UNITED STATES—Monday, August 21, 2017, it was an interesting day to say the least. It was day where a solar eclipse took Earth, America and almost every citizen in the United States and every other continent on the planet by surprise and with an efferent level of glee. I can’t recall the last time so many people were excited or interested in the world of science. Science is indeed important, but it’s not something we hear people talk about on a daily basis as if they live, breathe, sleep and eat science.

So I will admit I was very happy to see so many people drop what they were doing on Monday to take a look at our planetary system and how it operates. Specifically, purchasing or getting their hands on those nifty glasses to watch the moon perfectly align with the sun and creating a sight that is almost impossible to describe with words. It was a phenomenon people; so large that it required taking a multitude of pictures.

I do recall when I was in the fourth grade we had a solar eclipse and it was an interesting sight to say the least. What transpired? We couldn’t go outside for recess, and the teachers and the school was adamant: don’t look at the sun without protective eyewear! I recall that commentary so vividly and as a child, that only made me want to look at the sun that much more. You can’t tell a child NOT to do something, and expect them to follow those instructions. They have inquisitive little minds and just want to know, even if they don’t heed the advice of optometrists who warned staring directly into the sun during the eclipse could led to serious damage to the eyes.

The same notion applied this time around, but depending on what part of the country you lived in, you either saw shades of the eclipse, little to nothing, or in my case near complete darkness. I mean it was a thrill a second to watch the eclipse unfold on live television and see places go from being sunny bright, to absolute pitch black. I mean absolute darkness, like you can’t see anything around you; kind of scary, yet fun at the same time. Rarely, and I mean rarely does that every happen.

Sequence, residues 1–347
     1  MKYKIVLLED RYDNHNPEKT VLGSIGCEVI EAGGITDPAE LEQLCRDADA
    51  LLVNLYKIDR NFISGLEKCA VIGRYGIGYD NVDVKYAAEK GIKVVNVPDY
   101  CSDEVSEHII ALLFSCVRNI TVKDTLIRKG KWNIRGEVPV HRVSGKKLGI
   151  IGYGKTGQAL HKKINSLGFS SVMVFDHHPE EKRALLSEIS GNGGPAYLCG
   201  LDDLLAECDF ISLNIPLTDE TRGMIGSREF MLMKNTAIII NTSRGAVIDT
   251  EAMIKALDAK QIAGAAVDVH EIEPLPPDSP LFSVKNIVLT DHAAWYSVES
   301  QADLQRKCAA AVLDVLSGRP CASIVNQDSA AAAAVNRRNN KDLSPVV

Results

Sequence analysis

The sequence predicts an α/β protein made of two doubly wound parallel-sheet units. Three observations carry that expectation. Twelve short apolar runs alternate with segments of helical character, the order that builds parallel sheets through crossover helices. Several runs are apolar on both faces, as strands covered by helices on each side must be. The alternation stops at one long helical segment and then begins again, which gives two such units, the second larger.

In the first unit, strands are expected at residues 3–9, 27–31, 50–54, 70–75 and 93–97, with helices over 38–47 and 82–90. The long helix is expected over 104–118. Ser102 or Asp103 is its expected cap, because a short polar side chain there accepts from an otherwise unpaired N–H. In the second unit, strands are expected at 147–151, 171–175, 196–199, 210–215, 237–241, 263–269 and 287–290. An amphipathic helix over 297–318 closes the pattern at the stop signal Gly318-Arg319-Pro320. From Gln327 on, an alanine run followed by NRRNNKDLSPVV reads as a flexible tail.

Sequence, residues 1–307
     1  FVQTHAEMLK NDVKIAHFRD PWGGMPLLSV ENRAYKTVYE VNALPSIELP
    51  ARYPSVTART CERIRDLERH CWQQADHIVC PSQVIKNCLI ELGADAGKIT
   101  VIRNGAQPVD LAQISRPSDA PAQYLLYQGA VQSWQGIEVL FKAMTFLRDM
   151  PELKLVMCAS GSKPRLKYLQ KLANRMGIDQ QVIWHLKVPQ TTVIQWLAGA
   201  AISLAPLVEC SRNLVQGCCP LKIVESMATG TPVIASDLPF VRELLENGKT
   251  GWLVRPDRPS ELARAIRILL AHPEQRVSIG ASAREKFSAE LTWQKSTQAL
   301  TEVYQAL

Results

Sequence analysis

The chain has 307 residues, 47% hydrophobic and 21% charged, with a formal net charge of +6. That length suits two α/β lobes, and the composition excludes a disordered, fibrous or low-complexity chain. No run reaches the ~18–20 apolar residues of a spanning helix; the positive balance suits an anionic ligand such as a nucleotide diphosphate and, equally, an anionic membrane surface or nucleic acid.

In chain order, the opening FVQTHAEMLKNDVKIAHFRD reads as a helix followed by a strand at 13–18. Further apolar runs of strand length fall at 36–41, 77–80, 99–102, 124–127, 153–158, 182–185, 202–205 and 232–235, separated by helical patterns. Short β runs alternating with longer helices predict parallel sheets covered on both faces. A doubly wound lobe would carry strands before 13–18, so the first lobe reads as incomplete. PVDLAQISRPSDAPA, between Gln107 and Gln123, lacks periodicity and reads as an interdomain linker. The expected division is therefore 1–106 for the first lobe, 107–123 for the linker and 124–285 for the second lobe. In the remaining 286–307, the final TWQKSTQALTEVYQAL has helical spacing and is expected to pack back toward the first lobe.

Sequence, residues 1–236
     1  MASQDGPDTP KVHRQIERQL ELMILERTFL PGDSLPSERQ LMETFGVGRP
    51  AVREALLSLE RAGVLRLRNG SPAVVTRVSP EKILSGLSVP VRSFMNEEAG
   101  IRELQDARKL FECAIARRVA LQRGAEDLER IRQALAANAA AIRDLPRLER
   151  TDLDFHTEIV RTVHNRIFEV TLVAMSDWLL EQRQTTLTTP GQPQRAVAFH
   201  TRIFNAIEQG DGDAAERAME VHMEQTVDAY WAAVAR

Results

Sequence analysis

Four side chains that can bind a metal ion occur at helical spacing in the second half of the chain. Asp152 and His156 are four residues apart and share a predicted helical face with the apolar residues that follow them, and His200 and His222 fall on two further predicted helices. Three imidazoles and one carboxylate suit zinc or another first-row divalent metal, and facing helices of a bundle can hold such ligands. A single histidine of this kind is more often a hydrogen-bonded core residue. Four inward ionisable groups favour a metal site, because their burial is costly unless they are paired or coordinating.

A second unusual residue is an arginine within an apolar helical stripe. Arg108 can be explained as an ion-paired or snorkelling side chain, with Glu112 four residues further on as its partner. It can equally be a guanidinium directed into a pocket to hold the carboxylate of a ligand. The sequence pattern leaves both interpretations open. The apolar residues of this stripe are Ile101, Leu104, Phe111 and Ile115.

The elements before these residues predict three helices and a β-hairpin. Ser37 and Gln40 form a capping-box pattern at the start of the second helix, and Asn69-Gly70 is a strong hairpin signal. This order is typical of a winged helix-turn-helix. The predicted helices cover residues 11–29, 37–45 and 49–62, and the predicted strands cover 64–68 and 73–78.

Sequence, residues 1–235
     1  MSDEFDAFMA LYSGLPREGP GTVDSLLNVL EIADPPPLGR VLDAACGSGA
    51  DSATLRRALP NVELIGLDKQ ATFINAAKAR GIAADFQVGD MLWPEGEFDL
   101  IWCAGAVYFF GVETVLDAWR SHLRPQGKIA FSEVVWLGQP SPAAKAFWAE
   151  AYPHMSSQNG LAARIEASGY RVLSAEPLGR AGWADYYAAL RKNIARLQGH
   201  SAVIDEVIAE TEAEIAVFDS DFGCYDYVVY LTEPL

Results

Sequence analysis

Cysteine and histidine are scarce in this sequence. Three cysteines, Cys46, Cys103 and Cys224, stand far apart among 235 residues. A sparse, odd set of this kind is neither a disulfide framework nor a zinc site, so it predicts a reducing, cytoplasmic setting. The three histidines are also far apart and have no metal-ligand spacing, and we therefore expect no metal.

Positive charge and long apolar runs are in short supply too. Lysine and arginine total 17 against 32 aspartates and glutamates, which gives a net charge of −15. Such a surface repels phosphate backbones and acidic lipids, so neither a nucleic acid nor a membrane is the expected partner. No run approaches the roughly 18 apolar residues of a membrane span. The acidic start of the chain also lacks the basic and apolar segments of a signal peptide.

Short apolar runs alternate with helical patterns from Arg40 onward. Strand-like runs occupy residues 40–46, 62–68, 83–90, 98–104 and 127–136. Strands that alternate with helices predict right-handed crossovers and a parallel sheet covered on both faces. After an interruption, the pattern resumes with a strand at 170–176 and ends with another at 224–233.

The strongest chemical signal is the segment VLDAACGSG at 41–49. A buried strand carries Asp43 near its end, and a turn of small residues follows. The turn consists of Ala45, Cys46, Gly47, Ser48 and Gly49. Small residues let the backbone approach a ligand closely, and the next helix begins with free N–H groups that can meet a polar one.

We get storms and clouds can be murky at times, but nothing to this magnitude people. We didn’t just have science nerds or geeks all involved in the melee, but the young, teens, young adults, middle-aged and the elderly all partook in a moment in scientific history as it unfolded across the globe. I mean it was so big even work environments allowed employees to take a moment to indulge in this sight for the eyes.

With social media we even got the opportunity to see some epic images of the eclipse as it transpired moment by moment, and if you had a nifty camera some captured pictures that will be iconic and so glorious they will be considered masterpieces in the near future. For those who did not get the opportunity to participate in the 2017 solar eclipse, don’t worry, the planet will be graced with another in the year 2024, which is only seven years. I must say I’m quite surprised that the time gap isn’t massive like 30 years or so from now!